Songs of the Sixties at Feinstein’s/54 Below

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Jenny Lee Stern

 

by Paulanne Simmons

 

 

As Scott Siegel, host and producer of The Greatest Pop Songs of All Time – The 1960s, pointed out a Feinstein’s/54 Below on Feb. 11, “We never considered many of these songs classics.” In fact, “I’m a Believer,” written by Neil Diamond, was recorded by The Monkees, a group that was conceived as an imaginary band of a T.V. show. Not a very auspicious beginning.

Nevertheless, the song list for the show is impressive, including such hits as “White Rabbit,” “To Sir With Love” and “Both Sides Now.” With Ross Paterson at the piano, the cast, most trained for musical theater, did a commendable job recreating the sound that reigned fifty years ago.

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William Blake

Jenny Lee Stern gave “Leader of the Pack” the ironic treatment it deserves today. And cabaret singer William Blake gave the audience a taste of his magnificent tribute show, “Echoes of Etta,” with his powerful “At Last.”

Siegel maintained audience interest and interaction by awarding prizes to guests who correctly answered questions about music of the 60s (I still want that stuffed white rabbit!). He also provided lots of interesting facts and statistics about the songs and how they charted.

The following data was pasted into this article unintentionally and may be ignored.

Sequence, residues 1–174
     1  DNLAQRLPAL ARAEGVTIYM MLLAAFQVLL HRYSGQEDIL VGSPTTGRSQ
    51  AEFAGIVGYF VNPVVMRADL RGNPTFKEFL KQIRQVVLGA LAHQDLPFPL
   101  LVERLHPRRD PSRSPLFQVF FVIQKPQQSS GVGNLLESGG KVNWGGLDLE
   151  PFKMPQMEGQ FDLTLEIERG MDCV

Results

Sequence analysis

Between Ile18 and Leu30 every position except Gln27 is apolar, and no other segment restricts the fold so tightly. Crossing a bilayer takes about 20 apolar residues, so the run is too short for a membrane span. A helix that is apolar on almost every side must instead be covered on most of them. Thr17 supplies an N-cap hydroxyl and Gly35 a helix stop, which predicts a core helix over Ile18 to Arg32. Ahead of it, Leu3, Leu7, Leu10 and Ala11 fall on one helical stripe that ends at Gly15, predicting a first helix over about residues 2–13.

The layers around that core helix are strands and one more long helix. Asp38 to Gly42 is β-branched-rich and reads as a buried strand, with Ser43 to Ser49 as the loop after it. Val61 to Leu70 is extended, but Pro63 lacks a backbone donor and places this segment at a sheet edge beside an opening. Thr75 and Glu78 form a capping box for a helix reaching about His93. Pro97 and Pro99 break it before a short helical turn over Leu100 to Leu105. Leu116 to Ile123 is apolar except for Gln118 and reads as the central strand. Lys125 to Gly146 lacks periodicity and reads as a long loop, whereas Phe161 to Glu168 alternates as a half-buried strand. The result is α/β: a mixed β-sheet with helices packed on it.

Who knew the motorcycle sounds of “Leader of the Pack” were produced by an actual motorcycle driven through the lobby of the hotel and up to the floor of the recording studio?

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Brian Charles Rooney

It takes a good deal of courage to take on some of these iconic songs. For those of a certain age, “(I Can’t Get No) Satisfaction” belongs so completely to Mick Jagger and “Unchained Melody” to Bobby Hatfield of the Righteous Brothers, any performance risks paling by comparison.

But these fearless artists gave every song the energy and devotion it deserved. When Brian Charles Rooney sang, “Stand By Me,” the audience was more than willing.

Feinstein’s/54 Below is a 254 West 54 Street, (cellar) NYC

 

Photos: Stuart Chassen

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